Not so fast, say university officials. “We do have a couple of concerns,” said university lobbyist Todd Iverson. The university, he said, would like to wait to study how alcohol affects the games at the stadium before expanding to other venues.
Updated: March 6, 2013 - 1:27 PM
After University of Minnesota football fans enjoyed their first season of legal beer at TCF Bank Stadium, some legislators wonder whether it’s time to open the taps for the U’s hockey and basketball fans, too.
Since the Legislature legalized beer and wine sales at the stadium last year, football fans have downed almost a million dollars’ worth of beer. Rep. Dan Schoen, DFL-St. Paul Park, figures that if sales at one venue are good, expanding beer sales beyond the suites and premium seats at Mariucci and Williams arenas could be even better.
“Beer for all worked pretty well at the Bank,” he told fellow legislators on the House commerce committee on Tuesday night. “I think beer for all could work pretty well at the rest of the stadiums, too.”
Not so fast, say university officials. “We do have a couple of concerns,” said university lobbyist Todd Iverson. The university, he said, would like to wait to study how alcohol affects the games at the stadium before expanding to other venues. “This isn’t saying we’re opposed to the bill, but we have concerns about it being implemented this year.”
The hockey and basketball arenas, Iverson said, present challenges. More games are played in Mariucci and Williams, and many are played at night, factors that might make the university more reluctant to bring alcohol into the postgame mix.
“It’s also a very different fan experience at these two venues than there is at the football stadium,” Iverson said. “At the arena, you’re very close to the participants.”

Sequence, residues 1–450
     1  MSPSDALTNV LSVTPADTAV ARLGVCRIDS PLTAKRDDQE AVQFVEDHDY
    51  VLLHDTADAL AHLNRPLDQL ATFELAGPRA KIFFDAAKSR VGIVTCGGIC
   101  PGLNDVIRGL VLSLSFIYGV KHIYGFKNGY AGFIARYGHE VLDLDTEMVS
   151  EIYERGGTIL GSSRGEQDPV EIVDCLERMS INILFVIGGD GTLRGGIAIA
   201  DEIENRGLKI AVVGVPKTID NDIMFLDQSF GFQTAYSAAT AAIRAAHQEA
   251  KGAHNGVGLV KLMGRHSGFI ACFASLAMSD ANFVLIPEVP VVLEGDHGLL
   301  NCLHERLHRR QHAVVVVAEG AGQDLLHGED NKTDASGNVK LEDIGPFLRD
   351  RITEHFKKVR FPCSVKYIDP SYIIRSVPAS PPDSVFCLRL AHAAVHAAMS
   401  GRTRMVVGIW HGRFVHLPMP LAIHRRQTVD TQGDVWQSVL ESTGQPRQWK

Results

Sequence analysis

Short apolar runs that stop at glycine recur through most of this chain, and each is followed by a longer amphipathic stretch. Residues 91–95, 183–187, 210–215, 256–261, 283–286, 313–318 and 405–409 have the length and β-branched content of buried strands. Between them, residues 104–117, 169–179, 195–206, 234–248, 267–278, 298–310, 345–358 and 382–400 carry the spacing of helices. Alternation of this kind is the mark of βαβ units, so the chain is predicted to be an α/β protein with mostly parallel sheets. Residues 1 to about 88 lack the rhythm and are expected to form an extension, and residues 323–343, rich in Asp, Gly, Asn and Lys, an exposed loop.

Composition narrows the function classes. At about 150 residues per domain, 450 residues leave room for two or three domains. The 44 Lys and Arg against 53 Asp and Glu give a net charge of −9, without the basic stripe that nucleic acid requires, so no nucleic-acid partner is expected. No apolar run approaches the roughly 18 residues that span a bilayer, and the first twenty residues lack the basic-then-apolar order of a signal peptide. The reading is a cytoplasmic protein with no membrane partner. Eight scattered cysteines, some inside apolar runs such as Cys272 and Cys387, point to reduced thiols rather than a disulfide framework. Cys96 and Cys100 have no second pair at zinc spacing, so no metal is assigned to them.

Beer sales have been brisk at the stadium, Iverson conceded, with an estimated $990,000 in sales in the first season alone. But only about $16,000 in profits ended up in the university’s pocket, he said.
“We are happy that our fans had a pleasurable experience and enjoyed the opportunity,” he said. “What we’re asking for is that we do the two-year experiment on football at the stadium, we’ll come back ... and talk to you about this. We just want a little time to think about this.”
Despite the university’s reluctance, Schoen said all that stadium beer is giving the economy a boost.
“That’s almost a million dollars’ worth of beer,” Schoen said. “That beer had to be manufactured, that beer had to be delivered, that beer had to be sold at the stadium and those are all jobs.”
He estimates that the state reaped about $80,000 in tax revenues from a single season of beer sales in a single university stadium.
“Am I going to fix the budget hole with this? Absolutely not,” he said, “but it’s still jobs, it’s still tax revenue.”
Schoen says he’s confident the university can come up with a plan to allow beer for all at more of its venues, if the Legislature greenlights his bill.
The stadium beer bill was accepted for possible inclusion in this year’s omnibus House liquor bill.
Jennifer Brooks • 651-925-5049
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